Are you laughing yet? Should this review wait until you catch your breath and massage the pain away from your doubled over sides? Perhaps if we add in the boy toy United States Athletic Team, a cassette tape filled with Marlo’s sauciest secrets, and a last minute appearance by Alice Cooper as a disco singing waiter, that will win you over? No? Well, no matter. Sextette still exists, sullying a reputation that didn’t necessarily need such slanderous denigration. It’s the kind of jaw droppingly bad experiment in misguided moviemaking that makes you run to the comforting cover of the Village People’s Can’t Stop the Music or Menaham Golan’s sci-fi musical religious allegory The Apple. To call it an affront gives it an implied power it definitely lacks. To somehow spin the experience over into something akin to likeable questions your very sanity.

As a starlet, as the lead in what is otherwise a fairly high budget affair, West is worthless. Her face is a frozen mask of bad doctor decisions, her once curvaceous figure forced into what resembles the evening gown version of barrel covers. Her inability to walk (she will take a few short steps before the camera cuts away) is only matched by her lack of comedic timing and basic dialogue skills. It’s as if someone is feeding her the lines and she goes along with whatever is being whispered. What’s most disturbing, however, is her continued reliance on the obvious come-on and sledgehammer sexual innuendo to define most if not all of her character. Every conversation has Marlo saying something about getting satisfied, and when it comes out of the aging mouth of a so restricted it’s sad ex-star, the experience is all the more depressing. At her age, she should know and acknowledge better.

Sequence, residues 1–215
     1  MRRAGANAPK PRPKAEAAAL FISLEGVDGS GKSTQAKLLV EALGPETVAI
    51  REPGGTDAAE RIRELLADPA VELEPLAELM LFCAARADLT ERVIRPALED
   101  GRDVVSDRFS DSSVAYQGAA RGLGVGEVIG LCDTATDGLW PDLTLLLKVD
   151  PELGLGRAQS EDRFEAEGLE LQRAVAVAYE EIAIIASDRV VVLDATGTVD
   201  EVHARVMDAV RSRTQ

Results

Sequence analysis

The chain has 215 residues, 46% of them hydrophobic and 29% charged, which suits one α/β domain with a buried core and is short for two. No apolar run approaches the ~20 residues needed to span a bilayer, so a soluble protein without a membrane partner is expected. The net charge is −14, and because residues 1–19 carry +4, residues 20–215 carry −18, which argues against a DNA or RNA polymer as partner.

Not that the supporting cast helps matter much. DeLuise is the only actor who seems to know that Sextette can and will never work. So he does his best to play it from both sides of the situation - serious and solidly tongue in tushy. As for the rest? Dalton is a dull straight man, Moon is all rock ham, Starr barely makes an impression, and Curtis is so creepy and over the top that you’d swear he was actually ‘living’ the experience of seducing West. And then Cooper shows up to scare us right back into our stunned sense of disbelief. For his part, director Ken Hughes clearly pissed someone off during his journeymen tenure behind the lens. Maybe it was his work on the original Casino Royale, or oddball kiddie film Chitty Chitty Bang Bang that doomed him to such a situation. Toss in the terrible songs (mostly standards from the ‘30s and ‘40s, with a couple of Van “The Hustle” McCoy originals thrown in to really mess with your mind) and you’ve got a career killer.

Luckily, there wasn’t much left of West’s profession to protect. She lived to see Sextette released and tank, and then spent her remaining few years in quasi-isolation. Along with her musclemen companions and personal aids, she played queen to a kingdom of one - herself. Even with all the smart business moves she made during her life, the clamor for continuing recognition resulted in one of her biggest bombs ever. Mae West could have easily left the limelight in the early ‘40s and faded away as a memorable mark on Hollywood hypocritical Puritanism. Instead, she made Sextette, and the rest as they say is WTF? history.